+Vincent Florio and I have had some recent discussions about the differences between Convention, Organized and Home play of RPGs and we will probably be discussing it more today.
As I see it, some of the basic differences are as follows (this is by far not a complete list):
Convention Play - in convention gaming, the adventure itself is what the players are invested in, not so much their characters (which are general pregens - there are exceptions to this, such as the Mythus Tower sessions run by +Matt Finch and +Bill Webb at NTRPG Con). In a convention set up, the classic Tomb of Horrors or +James Raggi 's fairly recent The Monolith Beyond Space and Time work much better than in a home environment (and would never be part of organized play). If a convention adventure results in a total party kill, it doesn't kill a campaign. Houserules are rare and always announced prior to the session.
Organized Play - in organized gaming, groups across the world are playing through the same series of adventures. There will be no house rules, because it is designed so that players could theoretically move from one group to another with ease. Adventures generally have a rigid structure to ensure similar play across different groups. Adventures begin and end in a self contained manner, and the links between adventures are pretty much on rails - there is little if any opportunity to "sandbox" in organized play, and sandboxing would make similar play between groups running the same series of adventures near impossible.
Home Play - home play is probably the most traditional sort of play for most player. It is also the hardest of the three to apply a general definition to, as some groups run sandboxes, some run linked adventures (muck like organized play), some run episodic campaigns (where adventures or adventure arcs have little connection to each other.) Character development plays a large part of home play (and to a lesser extent organized play.)
The above is certainly not complete. There can be some bleed over between the three basic types of play and I'm sure I left of a crap ton of wiggly bits that would make the above definition less well defined.
I'd love some thoughts and input on the above.
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37 minutes ago
I'd add that Convention Play and Organized Play both usually have time constraints. You've got 4 hours to finish this adventure and then the game's over whether you're done or not.ReplyDelete
With home play, if you've set aside 4 hours to play, and the party spends the whole time in the tavern, that's fine, you'll pick up on the adventure next week.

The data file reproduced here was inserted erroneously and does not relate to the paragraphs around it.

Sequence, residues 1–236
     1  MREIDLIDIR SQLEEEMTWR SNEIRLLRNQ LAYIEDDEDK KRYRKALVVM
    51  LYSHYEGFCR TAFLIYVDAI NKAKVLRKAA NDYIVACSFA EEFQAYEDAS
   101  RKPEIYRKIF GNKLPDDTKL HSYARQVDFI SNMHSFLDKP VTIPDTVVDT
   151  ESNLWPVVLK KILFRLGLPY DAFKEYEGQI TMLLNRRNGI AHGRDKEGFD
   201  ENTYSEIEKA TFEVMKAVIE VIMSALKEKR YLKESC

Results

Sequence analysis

Perfect timing (in general) given the 5E rollout and (for me) some thinking about the eventual dT&T release.
I play at conventions, only. 3-5 hour shots.
1. For the most part, people behave better.
2. One shots encourage risk-taking, more active play.
3. The game itself, the GM often have a more tangible goal to push towards so there's a sense of satisfaction/completion/closure at the end even if everyone dies (I've seen this even Apocalypse World type games)
(The flipside/negative of the above points are easily deduced.)
The organized play does bleed into convention play--I was in two 5E organized games at the local convention this weekend. In "Playing at the World" I remember a comment about Gygax's concern about rampant house rules limiting character movement from game to game--a sentiment (and yes, this is heresy coming from a T&T honk) I appreciate. I liked turning my Friday night encounter into a full-weekend fling. That will probably be it with this character but I won't recycle the sheet.
Organized play needs corporate backing and organization--I'm wondering whether the D&D Adventurer's League is trying too much too soon. (Factions could have waited--in spite of my glee at earning points I don't understand). And then there should always be a way to cycle new players and one shots in and out. (Level appropriate pre-gens are a must).
I'm curious as to your (pl.) thoughts on the value of smaller developers devoting resources to create some sort of organized play/convention adventures. (And yes, I'm thinking about dT&T)
Final recollection, from a convention/organized 5E experience: one of my GMs talked about the balance of trying to run a good game but also help teach it, help players transition to the new edition. (At the table experience ranged from those few grounded in 4e to me, who pretty much stopped at AD&D).
GMs are after all, de facto representatives of the game and the brand, whether they have corporate handouts or not.